Thursday 28 September 2023
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Do You Actually Need Your Gallbladder?


Quick, point to your gallbladder. Half credit if you guessed that it’s somewhere between your hips and your heart. Full credit if you know that this pear-shaped member of your digestive system sits in the upper rightabdomen, nestled below your liver.

So, now that the anatomy lesson is over, it’s time to figure out WTH the gallbladder actually does—and how to ensure yours is healthy. Here are eight need-to-know facts:

1. It Helps with Digestion
Your gallbladder stores bile, a goopy liquid produced by your liver to help break down fats. As your stomach begins to digest food, your gallbladder kicks into action, releasing this bile to your small intestine. “The gallbladder just serves as a ‘booster’ when you eat a meal that is higher in fat,” says Rahul Nayak, M.D., a gastroenterologist at Kaiser Permanente Atlanta. “So the next time you eat fried chicken, mac and cheese, and chase it with some Southern chess pie, you can thank your gallbladder for not having diarrhea.”

2. Gallstones Are the Most Common Gallbladder Problem
According to some estimates, up to 20 million Americans may havegallstones, the most common type of gallbladder disorder. Gallstones form when the substances that make up bile (cholesterol, electrolytes, and water to name a few) are out of proportion. The stones, which can be super-painful, range in size from small grains of sand to golf balls.

3. Being a Woman Puts You at a Higher Risk
While the 40+ crowd is most at risk for gallstones, women are more likely to develop them than men, and at a younger age (starting in their thirties), too. Pregnancy and oral contraceptives are major risk factors for developing certain kinds of gallstones due to the extra estrogen in the body. Others include family history, obesity, ethnicity, and also rapid weight loss, especially from weight-loss surgery. “The mechanism is not clear,” says Nayak, “but theories include a change in the composition of bile.”

4. You May Have Them and Not Even Know It
Gallstones aren’t always problematic. They’re often too small to cause a blockage, and you might not even know you have them unless you are doing tests for other medical issues. Even if you do have gallstones, you don’t need to worry about them or have them treated if they aren’t causing issues.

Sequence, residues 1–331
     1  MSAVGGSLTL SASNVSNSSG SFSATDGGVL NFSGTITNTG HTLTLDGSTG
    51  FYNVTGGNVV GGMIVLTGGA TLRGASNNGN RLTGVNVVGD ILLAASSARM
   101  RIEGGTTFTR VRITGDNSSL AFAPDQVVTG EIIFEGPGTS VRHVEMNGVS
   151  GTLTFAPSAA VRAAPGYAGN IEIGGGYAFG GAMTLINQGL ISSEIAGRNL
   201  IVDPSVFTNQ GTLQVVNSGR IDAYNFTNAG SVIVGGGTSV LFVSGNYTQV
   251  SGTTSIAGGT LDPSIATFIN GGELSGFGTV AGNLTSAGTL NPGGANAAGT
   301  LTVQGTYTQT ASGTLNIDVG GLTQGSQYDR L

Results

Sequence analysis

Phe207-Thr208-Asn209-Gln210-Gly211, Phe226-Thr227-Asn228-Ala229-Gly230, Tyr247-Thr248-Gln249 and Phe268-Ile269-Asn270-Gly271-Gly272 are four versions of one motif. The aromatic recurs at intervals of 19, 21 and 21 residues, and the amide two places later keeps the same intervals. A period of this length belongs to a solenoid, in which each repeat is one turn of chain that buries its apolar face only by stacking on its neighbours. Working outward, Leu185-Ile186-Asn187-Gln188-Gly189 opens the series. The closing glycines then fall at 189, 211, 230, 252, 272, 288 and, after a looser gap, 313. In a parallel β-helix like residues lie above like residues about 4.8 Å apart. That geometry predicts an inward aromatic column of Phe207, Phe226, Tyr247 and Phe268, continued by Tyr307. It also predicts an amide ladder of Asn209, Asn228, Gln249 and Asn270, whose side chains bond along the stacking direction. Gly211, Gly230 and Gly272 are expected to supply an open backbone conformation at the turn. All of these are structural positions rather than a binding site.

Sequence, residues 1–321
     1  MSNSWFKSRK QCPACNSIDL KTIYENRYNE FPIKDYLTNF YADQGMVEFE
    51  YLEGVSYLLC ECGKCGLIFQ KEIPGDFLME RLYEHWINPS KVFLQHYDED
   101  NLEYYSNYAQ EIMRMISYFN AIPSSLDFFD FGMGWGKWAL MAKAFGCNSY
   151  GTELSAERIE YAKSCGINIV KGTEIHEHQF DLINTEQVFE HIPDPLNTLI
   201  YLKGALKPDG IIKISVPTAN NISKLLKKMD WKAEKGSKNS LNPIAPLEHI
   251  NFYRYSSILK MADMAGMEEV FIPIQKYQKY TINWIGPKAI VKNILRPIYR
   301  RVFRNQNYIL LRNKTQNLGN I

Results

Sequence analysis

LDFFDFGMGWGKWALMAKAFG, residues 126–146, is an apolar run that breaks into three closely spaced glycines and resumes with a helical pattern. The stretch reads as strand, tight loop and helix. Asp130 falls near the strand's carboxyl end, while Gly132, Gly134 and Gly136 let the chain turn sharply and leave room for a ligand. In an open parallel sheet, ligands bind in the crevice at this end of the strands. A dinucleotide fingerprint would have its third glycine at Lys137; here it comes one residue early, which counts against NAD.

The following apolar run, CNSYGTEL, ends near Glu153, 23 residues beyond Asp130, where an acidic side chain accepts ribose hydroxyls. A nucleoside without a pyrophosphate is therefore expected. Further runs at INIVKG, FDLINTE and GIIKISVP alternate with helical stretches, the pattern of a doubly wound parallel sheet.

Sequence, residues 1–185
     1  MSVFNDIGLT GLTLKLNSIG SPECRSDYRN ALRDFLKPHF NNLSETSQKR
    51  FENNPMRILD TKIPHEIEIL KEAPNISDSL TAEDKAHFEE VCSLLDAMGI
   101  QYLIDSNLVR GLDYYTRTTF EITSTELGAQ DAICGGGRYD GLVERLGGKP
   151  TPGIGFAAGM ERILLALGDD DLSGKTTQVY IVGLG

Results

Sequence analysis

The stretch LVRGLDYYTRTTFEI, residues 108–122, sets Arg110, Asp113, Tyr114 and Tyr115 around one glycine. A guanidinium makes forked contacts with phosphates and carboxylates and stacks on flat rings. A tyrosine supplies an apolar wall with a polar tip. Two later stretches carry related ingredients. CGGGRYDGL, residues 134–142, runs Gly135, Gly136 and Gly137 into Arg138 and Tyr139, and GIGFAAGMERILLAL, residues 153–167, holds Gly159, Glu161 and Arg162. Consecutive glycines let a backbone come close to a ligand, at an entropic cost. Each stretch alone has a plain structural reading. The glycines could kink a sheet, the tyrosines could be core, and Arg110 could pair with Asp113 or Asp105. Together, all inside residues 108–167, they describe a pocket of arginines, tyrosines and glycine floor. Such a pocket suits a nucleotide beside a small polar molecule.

5. Abdominal Pain Is Your Biggest Sign Something May Be Wrong
Signs that your gallbladder may be getting clogged include indigestion after eating foods high in fat or protein, severe and sudden pain in the upper right side of the abdomen, or pain under the right shoulder or in the right shoulder blade. If your bile duct gets completely blocked, it can cause nausea and vomiting, fever, jaundice, and dark urine. While these symptoms may go away once the gallstone moves, complications can arise if the bile duct remains clogged, so it’s important to share your symptoms with your doctor.

6. The Best Defense Is a Good Offense
Want to keep your gallbladder happy? Focus on overall body health by eating a heart-healthy diet and exercising, says Nayak. Limiting your fat intake—especially when it comes to unhealthy fats like saturated and trans fatty acids–will keep your gallbladder from working overtime. And savor that morning cup of Joe with your avocado toast. “Coffee consumption and increased vegetable-based protein [consumption] also seem to protect against gallstone disease,” says Nayak.

7. You Can Live Without It
The most common treatment for gallbladder problems is to remove it. Fortunately, you can live without this particular organ. “Since the liver is the source of bile, removing your gallbladder which merely acts as an holding vessel for the bile, doesn’t have any discernable impact on a person’s digestion,” explains Nayak. “The bile in the liver goes directly to the small intestine, bypassing the gallbladder.”

8. Gallbladder Cancer Is Rare but Serious
Although it’s not common, gallbladder cancer has a high mortality rate since it’s not often caught in the early stages. If discovered in Stage 0 or 1, the five-year survival rate runs between 50 to 80 percent. In a later stage, that survival rate drops to single digits.

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